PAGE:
Friday, May 2, 2014

Friday thoughts: the uses of moral argument

1. "Morally reprehensible."

That's what she said. She was speaking of an affair a woman she knew was having. I never met the woman she was speaking of until much later. I've often wondered whether this other woman really had the affair she was criticized for. What I did learn for certain some time later was that my friend, the one who spoke of another woman's affair as "morally reprehensible", was herself having an affair even as she spoke those words in a censorious tone.

I never confronted her about it. You don't in those circumstances. I don't anyway.

Ever since I've always wondered what the person I hear someone condemn someone else's sexual conduct is up to themselves.

What good is your morality doesn't actually help you do right and stop doing wrong?

Why even have a morality?

2. Spring

This is the season with the highest suicide rate.

People with bipolar syndrome are most likely to commit suicide when they are coming out of a depression.

The same mechanism is at work in both cases. Yes, the snow is melting and the sun is shining but that is a curse if all that is happening is the beginning of another cycle.

3. Parody

One of my first jobs I was production manager for the student newspaper. The production manager was the one responsible that there actually was a newspaper published every week. Every one else on staff was having a good time.

The most tedious time of the year was the preparation for the first edition for April because that was the parody edition. Every year they'd have a meeting to decide what to parody. The National Enquirer was a popular suggestion. It took them a while but the kids would eventually figure out that it couldn't be done. The problem is that you can only parody something you admire. Otherwise, you will produce something like this.

4. The religious left 

Someone named Francis J Butler at the National Catholic Reporter thinks more lay people, and fewer clerics, should be canonized. It's not a bad point. NCR, however, cuts the ground out from underneath it by running a picture of Sargent Shriver speaking to Peace Corps volunteers that makes it painfully clear that, in their view, canonization is a political project.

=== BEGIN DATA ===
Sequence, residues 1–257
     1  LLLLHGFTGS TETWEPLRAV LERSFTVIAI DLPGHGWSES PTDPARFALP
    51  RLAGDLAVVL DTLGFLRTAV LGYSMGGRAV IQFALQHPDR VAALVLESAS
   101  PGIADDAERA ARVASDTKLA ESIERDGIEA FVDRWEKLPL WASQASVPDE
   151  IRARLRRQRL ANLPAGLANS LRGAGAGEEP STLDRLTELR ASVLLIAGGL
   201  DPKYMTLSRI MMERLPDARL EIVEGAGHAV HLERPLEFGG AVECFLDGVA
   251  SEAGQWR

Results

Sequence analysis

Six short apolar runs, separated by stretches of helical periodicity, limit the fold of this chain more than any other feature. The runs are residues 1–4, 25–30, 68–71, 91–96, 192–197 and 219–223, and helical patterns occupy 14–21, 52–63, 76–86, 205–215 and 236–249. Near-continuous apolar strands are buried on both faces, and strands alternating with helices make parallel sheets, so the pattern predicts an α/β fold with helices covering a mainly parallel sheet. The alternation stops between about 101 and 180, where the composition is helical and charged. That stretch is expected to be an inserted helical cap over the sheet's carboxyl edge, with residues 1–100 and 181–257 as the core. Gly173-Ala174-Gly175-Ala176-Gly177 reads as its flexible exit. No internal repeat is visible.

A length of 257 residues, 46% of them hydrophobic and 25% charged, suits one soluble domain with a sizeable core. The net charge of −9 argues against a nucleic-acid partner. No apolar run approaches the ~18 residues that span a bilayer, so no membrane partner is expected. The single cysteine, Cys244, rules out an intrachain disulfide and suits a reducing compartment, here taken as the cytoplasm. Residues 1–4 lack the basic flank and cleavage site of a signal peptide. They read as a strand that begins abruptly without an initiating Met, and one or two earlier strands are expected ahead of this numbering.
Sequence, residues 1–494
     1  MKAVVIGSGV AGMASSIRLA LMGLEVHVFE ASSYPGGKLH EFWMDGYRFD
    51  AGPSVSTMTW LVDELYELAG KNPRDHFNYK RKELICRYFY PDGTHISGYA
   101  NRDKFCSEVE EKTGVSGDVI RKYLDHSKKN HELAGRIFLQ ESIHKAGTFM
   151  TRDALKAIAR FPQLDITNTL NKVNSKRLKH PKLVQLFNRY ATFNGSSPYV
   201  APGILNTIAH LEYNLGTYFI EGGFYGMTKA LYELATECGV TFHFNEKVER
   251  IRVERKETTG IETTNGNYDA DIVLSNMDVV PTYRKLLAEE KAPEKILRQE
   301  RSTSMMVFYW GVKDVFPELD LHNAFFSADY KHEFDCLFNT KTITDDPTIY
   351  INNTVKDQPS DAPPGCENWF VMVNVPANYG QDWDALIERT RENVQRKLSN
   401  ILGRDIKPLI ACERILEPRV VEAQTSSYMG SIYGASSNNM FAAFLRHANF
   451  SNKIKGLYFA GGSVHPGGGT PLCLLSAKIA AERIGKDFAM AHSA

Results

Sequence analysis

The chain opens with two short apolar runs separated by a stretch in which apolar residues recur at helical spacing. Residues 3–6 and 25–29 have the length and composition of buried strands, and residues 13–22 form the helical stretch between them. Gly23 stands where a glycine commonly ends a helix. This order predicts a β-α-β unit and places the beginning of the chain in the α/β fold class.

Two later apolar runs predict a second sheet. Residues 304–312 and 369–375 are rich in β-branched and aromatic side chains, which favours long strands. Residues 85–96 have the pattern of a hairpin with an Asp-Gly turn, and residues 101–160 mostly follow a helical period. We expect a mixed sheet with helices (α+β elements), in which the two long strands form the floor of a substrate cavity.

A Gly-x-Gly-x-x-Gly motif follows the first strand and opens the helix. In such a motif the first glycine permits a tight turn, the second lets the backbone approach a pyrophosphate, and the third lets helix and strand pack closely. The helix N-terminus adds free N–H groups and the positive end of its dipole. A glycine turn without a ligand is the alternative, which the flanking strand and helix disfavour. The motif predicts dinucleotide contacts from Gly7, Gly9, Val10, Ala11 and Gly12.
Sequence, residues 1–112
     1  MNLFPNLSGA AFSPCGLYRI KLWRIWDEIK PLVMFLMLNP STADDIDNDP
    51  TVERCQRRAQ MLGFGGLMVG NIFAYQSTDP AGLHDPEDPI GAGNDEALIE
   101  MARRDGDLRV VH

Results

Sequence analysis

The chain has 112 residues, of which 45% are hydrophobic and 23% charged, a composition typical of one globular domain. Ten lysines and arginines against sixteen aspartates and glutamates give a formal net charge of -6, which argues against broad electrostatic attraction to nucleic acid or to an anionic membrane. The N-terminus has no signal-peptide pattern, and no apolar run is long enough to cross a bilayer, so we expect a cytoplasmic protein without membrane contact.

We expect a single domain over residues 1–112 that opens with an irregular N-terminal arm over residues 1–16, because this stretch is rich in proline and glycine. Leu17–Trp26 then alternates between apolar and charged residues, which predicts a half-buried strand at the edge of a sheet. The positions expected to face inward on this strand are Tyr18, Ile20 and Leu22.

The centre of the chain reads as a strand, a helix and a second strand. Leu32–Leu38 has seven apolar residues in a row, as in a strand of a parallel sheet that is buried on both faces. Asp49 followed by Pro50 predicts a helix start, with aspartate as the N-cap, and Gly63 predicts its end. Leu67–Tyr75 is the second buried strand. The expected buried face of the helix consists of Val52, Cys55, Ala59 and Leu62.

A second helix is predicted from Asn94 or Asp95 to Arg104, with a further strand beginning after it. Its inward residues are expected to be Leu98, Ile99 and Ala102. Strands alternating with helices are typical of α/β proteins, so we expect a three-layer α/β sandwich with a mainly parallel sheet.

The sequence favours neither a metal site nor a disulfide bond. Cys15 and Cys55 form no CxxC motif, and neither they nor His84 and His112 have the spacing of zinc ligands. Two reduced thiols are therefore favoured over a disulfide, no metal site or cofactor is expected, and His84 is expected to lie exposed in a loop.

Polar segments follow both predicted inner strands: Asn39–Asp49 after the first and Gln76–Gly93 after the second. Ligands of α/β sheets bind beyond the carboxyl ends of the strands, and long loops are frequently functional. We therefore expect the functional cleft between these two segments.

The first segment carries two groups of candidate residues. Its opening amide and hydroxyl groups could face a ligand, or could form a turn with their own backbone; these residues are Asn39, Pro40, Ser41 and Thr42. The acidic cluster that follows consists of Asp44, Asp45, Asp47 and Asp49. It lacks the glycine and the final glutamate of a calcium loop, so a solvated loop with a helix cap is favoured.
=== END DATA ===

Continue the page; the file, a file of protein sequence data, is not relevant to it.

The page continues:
5. The religious left again

You may have heard that the Brookings Institute has a paper out suggesting that the religious left is poised for a come back. I hadn't noticed it had gone away myself.

I mean that quite seriously. I spend a lot of time in religious circles and the inescapable truth about such circles is how liberal-left they are. Bishops are overwhelmingly left wing, so are most priests, so are most religious educators and so are most of the support staff who work in church offices. These people never went away. What happened is that the media stopped paying attention to them.

The report inadvertently underlines this point. It tells us that the real left is, at best, ambiguous, about the participation of the religious left. And then it gives them marching orders:
We began our convening in December with a discussion of economic justice: what does it mean; where are the tensions in the concept; and how do we move through the practical difficulties of achieving it?
That's paragraph one of part one. Notice what's missing? 

Think of it this way: imagine your boss invites you in to talk about your future and then immediately outlines his goals without mentioning you at all.

And when do the poor religious left actually get mention.
Our initial focus was on the challenge of building a cohesive and sustainable religious movement for economic justice, given sharply divergent definitions of its purposes.
Message: Our interest in you is limited to your usefulness to us.

6. Even more religious left

The Brookings guys are enthusiastic about Pope Francis.
At the same time, he has suggested that the issues linked to the politics of the culture wars have been allowed to displace other concerns. "We cannot insist only on issues related to abortion, gay marriage, and the use of contraceptive methods," he has said. "this is not possible."
Basic writing lesson: the first sentence is supposed to set up the second. It is supposed to explain the context in which the statement is made. It is not supposed to create a new context that will alter the basic meaning of the quote. How do you think they did by that standard?

1 comment:

  1. "And when do the poor religious left actually get mention."

    Indeed. The effect on me of endless talk of economic and social justice at our well-to-do ACC parish has been the formulation of a question: What do all those poor, widowed, orphaned and otherwise downtrodden folk talk and pray about when THEY go to church? And the follow-up: Can I go to church with them?